The Swiss example suggests that the expansion of the money stock helped mitigating the impact of the financial crisis on the real economy. We can reach the same conclusion when comparing other countries:
  • United States and the euro zone: In 2009, the European Central Bank increased interest rates, which stopped the increase in the money stock. Meanwhile, the Federal Reserve kept US interest rates low and conducted three rounds of large-scale asset purchases (Quantitative Easing). As a result, the money stock in the two monetary areas diverged. At the same time, real GDP developed much more favourably in the US than in the euro zone.
  • Sweden and Denmark: Comparing Sweden and Denmark is particularly interesting because Denmark pegs its currency to the euro (that is it implements the same monetary policy), but it does not have the same structural problems as some euro zone countries. We see that real GDP in Denmark developed similarly as in the euro zone. Sweden, with an independent monetary policy, expanded the money stock more strongly and the real economy also developed more favourably. This suggests that monetary policy in the euro zone was too tight even for countries with sound fiscal policy.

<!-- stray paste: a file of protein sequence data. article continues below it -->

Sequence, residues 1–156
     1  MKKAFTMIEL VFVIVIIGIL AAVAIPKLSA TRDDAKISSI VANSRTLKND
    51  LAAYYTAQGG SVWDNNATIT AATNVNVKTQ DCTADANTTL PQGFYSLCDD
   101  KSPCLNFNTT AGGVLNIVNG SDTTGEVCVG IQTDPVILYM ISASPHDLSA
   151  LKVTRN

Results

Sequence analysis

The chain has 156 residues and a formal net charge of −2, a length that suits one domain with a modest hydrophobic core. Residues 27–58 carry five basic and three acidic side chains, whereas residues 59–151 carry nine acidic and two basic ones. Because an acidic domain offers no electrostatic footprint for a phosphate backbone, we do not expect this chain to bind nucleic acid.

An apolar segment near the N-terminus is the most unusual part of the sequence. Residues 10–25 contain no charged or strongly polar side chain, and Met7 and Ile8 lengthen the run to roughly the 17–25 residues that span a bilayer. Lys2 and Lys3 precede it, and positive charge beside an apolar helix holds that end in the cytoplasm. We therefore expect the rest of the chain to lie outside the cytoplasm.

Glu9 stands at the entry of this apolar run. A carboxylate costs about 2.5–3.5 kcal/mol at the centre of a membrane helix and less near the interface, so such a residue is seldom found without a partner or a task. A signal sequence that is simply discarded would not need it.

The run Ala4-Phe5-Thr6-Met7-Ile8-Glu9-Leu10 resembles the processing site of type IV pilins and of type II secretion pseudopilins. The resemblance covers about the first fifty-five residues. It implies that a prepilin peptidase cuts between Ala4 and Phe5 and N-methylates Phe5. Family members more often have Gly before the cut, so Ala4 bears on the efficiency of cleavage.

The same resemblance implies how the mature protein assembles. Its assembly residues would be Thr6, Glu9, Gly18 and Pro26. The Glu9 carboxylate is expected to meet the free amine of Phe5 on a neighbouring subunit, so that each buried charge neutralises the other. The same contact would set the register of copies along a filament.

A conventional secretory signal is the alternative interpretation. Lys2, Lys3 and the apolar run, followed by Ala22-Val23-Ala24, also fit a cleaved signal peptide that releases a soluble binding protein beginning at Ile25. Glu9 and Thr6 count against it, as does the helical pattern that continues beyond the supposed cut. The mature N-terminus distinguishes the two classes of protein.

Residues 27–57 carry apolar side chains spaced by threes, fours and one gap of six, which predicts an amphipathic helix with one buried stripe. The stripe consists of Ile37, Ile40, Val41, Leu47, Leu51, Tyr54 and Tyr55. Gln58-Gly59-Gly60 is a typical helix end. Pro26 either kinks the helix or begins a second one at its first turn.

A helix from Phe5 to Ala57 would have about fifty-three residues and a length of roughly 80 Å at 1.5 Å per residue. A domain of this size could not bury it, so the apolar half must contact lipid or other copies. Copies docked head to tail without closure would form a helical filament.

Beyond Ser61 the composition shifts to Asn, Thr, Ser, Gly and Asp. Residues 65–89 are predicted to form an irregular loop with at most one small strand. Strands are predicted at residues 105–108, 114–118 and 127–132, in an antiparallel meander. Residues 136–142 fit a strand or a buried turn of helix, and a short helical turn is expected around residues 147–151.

• Czech Republic: Up to 2013 the Czech economy was in a relatively bad state. As a result, the central bank lowered interest rates to zero and announced, similar as the SNB, an exchange rate target vis-à-vis the euro. This policy led to a stronger increase in the money stock. As of 2014, the economy started to expand more strongly as well.
These examples all suggest that differences in monetary policy played a role for how different economies managed the crisis. If the SNB would not have expanded its balance sheet, the crisis would have had a stronger impact on the Swiss economy. This is also the implication of a study by the IMF suggesting that, without exchange rate interventions, the Swiss franc would have permanently appreciated to 0.8 to the euro. 

Therefore, the large balance sheet expansion was a necessary reaction to a severe financial crisis and helped to stabilize the economy. Only looking at the money stock, however, does not explain why the SNB had to expand its balance sheet much more strongly than other countries. To explain this, we can once more look at the traction of monetary policy (the velocity of money). 

Figure 4: Switzerland's large loss of traction

Velocity of M1 indexed to 100 in Q4 2007. Source OECD (own calculations)

We see that in Switzerland velocity declined more strongly than in other countries. One reason for this is that the level of interest rates is particularly low (as discussed last week). Of course, we have to be careful when interpreting these charts because the strong increase in the money stock in Switzerland is also one reason for why the velocity declined more strongly than in other countries (increasing the money stock lowers interest rates and therefore lowers velocity). 

But the analysis also shows that we cannot judge how expansionary monetary policy actually is if we do not know its traction. As in the car metaphor: we have to know the position of the gas pedal and the traction of the tires to know whether the car will advance.